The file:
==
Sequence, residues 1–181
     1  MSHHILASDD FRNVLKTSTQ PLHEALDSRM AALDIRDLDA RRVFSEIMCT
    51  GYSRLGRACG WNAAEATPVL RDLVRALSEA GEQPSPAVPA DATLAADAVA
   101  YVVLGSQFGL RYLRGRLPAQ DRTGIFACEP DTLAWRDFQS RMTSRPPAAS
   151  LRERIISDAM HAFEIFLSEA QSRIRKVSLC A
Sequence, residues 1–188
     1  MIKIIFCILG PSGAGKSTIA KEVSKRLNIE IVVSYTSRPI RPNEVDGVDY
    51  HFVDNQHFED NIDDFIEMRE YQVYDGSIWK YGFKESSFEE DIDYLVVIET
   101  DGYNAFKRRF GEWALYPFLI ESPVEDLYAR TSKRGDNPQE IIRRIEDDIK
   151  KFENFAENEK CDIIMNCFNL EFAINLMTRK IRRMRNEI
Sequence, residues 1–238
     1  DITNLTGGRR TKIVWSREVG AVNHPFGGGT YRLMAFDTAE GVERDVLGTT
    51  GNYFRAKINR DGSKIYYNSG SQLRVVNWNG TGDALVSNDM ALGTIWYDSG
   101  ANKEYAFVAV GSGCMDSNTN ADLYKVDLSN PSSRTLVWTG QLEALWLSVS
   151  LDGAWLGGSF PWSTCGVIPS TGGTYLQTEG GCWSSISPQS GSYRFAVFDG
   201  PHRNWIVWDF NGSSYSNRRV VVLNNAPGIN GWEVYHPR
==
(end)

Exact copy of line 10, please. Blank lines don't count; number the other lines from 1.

   151  KFENFAENEK CDIIMNCFNL EFAINLMTRK IRRMRNEI